In the days when there were great estates with full-time gardeners in England, weeding was not much of a concern for garden owners. However, nowadays when many garden owners worldwide do their own maintenance, weeds are a great concern for most of us.
Early in the spring, many gardeners sprinkle granules of weed suppressants over our beds, hoping to stop the weed seeds from germinating. I often am late doing this and the weeds flourish and cause me a lot of distress later.
Vita Sackville West was an early advocate of “carpeting plants” to cover bare ground. She wrote during the 1950’s that “a great secret of good gardening lies in covering every patch of the ground with some suitable carpeter.”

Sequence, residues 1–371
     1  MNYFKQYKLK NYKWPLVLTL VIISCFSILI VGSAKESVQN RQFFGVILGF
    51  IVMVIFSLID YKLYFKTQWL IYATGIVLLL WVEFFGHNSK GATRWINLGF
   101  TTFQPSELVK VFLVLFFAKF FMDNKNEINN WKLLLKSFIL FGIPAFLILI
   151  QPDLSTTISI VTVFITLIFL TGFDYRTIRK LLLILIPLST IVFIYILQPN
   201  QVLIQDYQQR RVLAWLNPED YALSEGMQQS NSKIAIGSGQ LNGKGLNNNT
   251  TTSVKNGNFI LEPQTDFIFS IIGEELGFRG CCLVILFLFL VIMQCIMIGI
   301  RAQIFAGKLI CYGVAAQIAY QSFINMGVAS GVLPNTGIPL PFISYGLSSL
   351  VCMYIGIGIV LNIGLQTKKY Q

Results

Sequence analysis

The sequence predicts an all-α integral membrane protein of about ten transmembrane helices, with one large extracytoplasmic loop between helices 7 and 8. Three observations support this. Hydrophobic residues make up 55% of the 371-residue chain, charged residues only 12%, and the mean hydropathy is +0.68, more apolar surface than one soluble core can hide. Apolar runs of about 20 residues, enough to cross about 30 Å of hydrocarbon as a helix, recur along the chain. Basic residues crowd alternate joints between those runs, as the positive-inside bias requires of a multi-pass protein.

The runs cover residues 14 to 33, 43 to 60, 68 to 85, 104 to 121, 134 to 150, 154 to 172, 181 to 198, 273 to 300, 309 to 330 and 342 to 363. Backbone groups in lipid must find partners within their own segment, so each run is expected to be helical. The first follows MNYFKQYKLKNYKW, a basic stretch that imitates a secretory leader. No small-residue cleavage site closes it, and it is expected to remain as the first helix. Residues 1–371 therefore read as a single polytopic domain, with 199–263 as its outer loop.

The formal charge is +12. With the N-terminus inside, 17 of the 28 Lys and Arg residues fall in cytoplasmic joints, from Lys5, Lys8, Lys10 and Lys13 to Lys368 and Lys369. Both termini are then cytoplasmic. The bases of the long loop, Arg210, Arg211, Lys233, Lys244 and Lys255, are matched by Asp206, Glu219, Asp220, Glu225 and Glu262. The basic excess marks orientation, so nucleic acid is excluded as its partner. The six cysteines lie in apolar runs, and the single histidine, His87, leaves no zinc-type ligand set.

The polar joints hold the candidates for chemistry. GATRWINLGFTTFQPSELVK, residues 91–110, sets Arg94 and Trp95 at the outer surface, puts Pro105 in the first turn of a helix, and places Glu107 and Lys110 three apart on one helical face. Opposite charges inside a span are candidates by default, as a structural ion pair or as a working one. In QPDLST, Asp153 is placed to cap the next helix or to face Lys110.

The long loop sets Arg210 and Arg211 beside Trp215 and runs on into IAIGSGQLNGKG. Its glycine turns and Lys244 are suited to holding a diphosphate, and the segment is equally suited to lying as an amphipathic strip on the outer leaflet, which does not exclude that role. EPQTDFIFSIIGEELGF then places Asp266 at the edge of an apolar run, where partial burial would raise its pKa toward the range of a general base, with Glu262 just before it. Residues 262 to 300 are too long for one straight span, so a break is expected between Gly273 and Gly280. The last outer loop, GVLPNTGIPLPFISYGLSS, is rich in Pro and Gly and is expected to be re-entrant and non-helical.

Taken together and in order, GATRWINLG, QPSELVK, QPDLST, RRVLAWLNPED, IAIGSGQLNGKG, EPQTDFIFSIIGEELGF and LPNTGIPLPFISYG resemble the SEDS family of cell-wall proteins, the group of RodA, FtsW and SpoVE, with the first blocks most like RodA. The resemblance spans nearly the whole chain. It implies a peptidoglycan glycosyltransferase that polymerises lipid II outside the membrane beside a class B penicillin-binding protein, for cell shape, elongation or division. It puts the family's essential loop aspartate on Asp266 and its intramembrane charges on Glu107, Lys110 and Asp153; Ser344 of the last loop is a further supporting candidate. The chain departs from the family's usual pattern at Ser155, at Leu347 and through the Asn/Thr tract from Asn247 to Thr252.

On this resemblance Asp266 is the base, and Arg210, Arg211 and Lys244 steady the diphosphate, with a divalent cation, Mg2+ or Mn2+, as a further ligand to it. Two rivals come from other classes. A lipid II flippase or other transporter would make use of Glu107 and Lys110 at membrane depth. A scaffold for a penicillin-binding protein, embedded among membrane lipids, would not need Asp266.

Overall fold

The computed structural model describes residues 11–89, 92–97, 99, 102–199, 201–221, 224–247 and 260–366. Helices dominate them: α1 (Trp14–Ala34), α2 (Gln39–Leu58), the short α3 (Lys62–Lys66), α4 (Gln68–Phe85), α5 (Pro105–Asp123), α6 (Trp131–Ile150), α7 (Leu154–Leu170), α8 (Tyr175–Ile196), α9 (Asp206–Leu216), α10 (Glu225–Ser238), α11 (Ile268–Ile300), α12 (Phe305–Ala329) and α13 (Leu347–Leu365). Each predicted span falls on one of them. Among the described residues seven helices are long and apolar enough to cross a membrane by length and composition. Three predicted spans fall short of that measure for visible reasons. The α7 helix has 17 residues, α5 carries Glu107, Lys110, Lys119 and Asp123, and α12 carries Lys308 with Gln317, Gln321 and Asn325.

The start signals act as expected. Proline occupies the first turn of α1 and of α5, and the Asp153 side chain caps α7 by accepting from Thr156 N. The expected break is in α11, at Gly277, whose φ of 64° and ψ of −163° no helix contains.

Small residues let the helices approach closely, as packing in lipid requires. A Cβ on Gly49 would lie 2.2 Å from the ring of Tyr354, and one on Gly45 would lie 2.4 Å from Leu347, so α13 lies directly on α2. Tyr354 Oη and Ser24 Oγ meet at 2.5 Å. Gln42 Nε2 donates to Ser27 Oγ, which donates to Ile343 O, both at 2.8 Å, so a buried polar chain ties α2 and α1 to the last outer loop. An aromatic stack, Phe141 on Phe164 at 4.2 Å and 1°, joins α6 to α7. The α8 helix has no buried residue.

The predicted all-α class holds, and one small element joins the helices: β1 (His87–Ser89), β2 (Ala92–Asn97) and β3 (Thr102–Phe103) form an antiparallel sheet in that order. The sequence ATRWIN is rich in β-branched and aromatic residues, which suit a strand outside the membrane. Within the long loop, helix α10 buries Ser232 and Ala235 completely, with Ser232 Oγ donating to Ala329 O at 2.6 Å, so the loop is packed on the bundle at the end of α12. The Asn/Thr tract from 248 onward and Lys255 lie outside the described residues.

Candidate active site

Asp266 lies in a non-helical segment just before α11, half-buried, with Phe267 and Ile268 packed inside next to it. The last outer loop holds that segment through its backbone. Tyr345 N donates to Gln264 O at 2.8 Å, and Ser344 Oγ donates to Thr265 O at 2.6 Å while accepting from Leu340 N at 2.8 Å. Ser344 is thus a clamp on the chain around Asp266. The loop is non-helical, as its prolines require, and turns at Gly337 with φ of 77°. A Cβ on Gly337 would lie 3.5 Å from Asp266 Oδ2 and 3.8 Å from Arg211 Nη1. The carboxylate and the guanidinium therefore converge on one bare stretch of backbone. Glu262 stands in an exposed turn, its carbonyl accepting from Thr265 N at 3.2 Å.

We call the plants that she called “carpeters” groundcovers today: hosta, perennial geranium, ajuga, lamb’s ears, low growing catmint, and sedums and so on.
Beware of invasive plants such as snow in summer, English ivy, and vinca.
The ideal ground-covering plants are those that grow a few inches tall above the soil surface and shade it so that weed seeds don’t germinate. The ideal groundcover can tolerate shade and persist in dry soil and is low growing. Taller plants that grow closely together in swathes, of course, also stifle weeds.